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As far as "Colt blew it" - don't forget they are producing between 25-30,000 handguns a year, mostly 1911 types. I'm not sure they can/want to produce more, given the world wide demand for military M16/M4s.

As it is, they are producing some of the best metallurgy and machining on 1911s ever done by anyone, to include themselves!

And choices - Series 70 or Series 80, stainless or blue or two toned, new models like the Colt Gunsite Pistol and the Defender Plus, etc.

I would'nt quite count Colt out. Most of the imitations are cheap MIM parts, Foreign sourced, etc. And Colt is now tolerancing the guns right - like the pre-WWII Commercials.

Warmly, Col. Colt

"Beware of Counterfeits & Patent Infringements" - Samuel Colt, 1850's Colt Newspaper Ad
 

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Although I have to agree in principle with many of your "old news" complaints, the Colt of today is not the same company that made all those mistakes many years ago. And they are improving their already impressive product steadily.

I wouldn't complain much about the old revolver line - the Python and Dick Special was always there and the .44 Maggie was just a niche market until Harry Callahan made it the macho thing to have - so Colt then produced the Anaconda. Before that I doubt if the numbers produced barely made sense for S&W to make it themselves.

A new ISO 9001 certified Colt plant and and Careful, Intelligent Use of new technologies like MIM and castings is now the order of the day. MIM can work in low stress applications - and Colt uses MIM for the disconnector, sear and mag catch where it is proven to work OK. They learned the hard way that MIM is completely wrong for extractors and, to their credit, returned to a Bar Stock Extractor.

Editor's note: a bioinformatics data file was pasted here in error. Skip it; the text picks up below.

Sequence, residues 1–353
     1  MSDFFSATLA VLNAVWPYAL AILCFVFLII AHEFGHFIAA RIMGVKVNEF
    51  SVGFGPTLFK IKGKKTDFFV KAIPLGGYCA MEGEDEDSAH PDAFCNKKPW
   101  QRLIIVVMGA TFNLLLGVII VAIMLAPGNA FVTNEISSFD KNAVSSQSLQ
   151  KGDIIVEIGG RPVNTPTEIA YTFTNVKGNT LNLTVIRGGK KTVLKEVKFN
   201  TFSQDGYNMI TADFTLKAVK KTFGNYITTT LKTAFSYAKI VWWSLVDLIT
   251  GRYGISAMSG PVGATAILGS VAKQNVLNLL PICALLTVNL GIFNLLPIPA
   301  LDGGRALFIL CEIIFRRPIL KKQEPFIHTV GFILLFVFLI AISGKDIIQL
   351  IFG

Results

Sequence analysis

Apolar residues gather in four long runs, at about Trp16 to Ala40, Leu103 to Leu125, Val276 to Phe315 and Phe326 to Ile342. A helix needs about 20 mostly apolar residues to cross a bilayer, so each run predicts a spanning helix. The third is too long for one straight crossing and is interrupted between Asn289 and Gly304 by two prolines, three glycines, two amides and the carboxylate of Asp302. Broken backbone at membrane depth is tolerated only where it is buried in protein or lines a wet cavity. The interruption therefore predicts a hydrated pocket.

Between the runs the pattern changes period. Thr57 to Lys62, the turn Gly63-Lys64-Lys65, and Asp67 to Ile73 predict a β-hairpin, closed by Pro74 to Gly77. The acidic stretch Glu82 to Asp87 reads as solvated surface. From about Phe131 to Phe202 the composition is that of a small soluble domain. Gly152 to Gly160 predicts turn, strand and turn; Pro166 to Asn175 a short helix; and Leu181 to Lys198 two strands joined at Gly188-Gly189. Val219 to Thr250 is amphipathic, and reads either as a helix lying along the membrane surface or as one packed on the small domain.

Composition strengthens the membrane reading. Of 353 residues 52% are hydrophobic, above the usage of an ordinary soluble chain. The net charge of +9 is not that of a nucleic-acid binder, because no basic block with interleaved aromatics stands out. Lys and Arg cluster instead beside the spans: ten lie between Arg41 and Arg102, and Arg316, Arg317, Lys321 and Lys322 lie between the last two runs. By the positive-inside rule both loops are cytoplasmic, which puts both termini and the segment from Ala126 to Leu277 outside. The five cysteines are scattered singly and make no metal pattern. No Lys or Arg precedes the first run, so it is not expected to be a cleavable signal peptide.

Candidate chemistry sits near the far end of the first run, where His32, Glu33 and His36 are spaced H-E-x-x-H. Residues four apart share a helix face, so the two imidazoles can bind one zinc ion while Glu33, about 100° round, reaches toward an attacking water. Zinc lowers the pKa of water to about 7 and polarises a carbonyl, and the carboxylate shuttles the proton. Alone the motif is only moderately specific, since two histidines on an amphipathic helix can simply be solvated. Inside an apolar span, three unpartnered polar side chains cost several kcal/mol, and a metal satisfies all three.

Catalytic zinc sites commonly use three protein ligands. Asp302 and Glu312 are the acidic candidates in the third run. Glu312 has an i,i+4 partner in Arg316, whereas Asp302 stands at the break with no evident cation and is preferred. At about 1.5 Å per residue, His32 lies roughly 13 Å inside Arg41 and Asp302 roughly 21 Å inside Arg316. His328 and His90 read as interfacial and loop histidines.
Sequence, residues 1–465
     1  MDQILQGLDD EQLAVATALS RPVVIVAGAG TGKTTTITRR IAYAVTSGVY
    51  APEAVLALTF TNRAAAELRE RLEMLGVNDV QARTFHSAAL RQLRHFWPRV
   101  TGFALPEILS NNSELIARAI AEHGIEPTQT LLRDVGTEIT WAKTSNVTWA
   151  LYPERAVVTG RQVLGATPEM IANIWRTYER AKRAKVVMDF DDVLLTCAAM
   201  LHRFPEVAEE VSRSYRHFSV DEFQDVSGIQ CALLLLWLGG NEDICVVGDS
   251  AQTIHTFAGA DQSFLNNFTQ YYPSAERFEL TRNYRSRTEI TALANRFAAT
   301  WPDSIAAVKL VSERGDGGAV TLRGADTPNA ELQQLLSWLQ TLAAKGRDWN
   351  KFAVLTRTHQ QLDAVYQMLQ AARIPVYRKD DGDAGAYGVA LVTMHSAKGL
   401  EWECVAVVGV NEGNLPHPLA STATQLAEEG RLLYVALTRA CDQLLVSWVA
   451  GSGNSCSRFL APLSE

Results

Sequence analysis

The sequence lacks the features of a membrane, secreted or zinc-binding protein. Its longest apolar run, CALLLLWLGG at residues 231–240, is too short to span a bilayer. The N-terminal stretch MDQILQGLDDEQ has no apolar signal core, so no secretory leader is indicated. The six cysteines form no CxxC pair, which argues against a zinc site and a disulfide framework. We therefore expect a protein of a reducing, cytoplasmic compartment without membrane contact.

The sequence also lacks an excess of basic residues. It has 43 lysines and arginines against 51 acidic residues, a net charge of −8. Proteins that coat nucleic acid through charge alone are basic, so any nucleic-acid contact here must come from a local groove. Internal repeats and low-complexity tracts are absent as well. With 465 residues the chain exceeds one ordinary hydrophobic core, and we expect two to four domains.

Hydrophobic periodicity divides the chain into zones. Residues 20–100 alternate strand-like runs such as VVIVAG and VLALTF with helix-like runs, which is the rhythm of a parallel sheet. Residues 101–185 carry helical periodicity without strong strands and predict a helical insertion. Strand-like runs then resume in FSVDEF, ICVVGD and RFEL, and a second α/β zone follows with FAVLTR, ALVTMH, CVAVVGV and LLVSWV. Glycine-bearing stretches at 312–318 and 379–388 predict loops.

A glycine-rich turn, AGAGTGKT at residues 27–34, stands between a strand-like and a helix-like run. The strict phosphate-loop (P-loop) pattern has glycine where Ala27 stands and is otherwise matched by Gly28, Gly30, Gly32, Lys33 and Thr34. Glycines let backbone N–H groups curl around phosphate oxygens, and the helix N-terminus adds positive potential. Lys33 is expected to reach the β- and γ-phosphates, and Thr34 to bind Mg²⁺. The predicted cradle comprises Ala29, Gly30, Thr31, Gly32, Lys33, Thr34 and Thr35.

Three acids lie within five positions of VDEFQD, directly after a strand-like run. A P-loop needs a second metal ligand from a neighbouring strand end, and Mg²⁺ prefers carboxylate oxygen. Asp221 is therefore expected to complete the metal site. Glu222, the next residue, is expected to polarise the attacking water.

MIM is always "the cheaper way" never the better way. $3.00 per part in quantity. Kimber uses the extra money saved to buy ads to brainwash the gullible.

Unlike Colt's, Colt's competitors use MIM way too much for the wrong parts. It is still an adulterated material made from two totally dissimilar elements - flaws come easy to the MIM process. You find them when the part breaks due to a void in the slurry, improper heating/cooling rates, etc. Colt seems to have very few problems these day with individual parts failing, so their suppliers must know something others do not.

Castings, again intelligently applied, work fine for grip safeties, thumb safeties, etc. Make them thick enough and you can use Cast for everything - ask the Ruger clan.

Colt's biggest problem is being a Union shop in Connecticut - high costs, difficult to fire/discipline employees. Yet progress is being made even so. See Mark1648's latest Post in the Colt Forum at 1911 Forum.com for updates direct from a Colt exec.

Let's not forget that Kimbers have always had problems with MIM breakage and definite problems with the "new" Schwartz Series II firing pin lock (they copied from Colt's original 1937 design to avoid paying Colt royalties like ParaOrd). Springfield Armory's 1911s are finally losing their "square" frames to become more Colt like, but they are still made in a Metric country - Brazil - and vary a lot, gun to gun, in quality.

But as Mark1648 at Colt will tell you, the Colonel is one of his harshest critics - I want and expect more from Colt - and I let them know that at every opportunity. Fortunately, it appears the tide has turned. As you say, time will tell.

Warmly, Col. Colt

"Beware of Counterfeits & Patent Infringements"


[This message has been edited by Col. Colt (edited 10-14-2003).]
 
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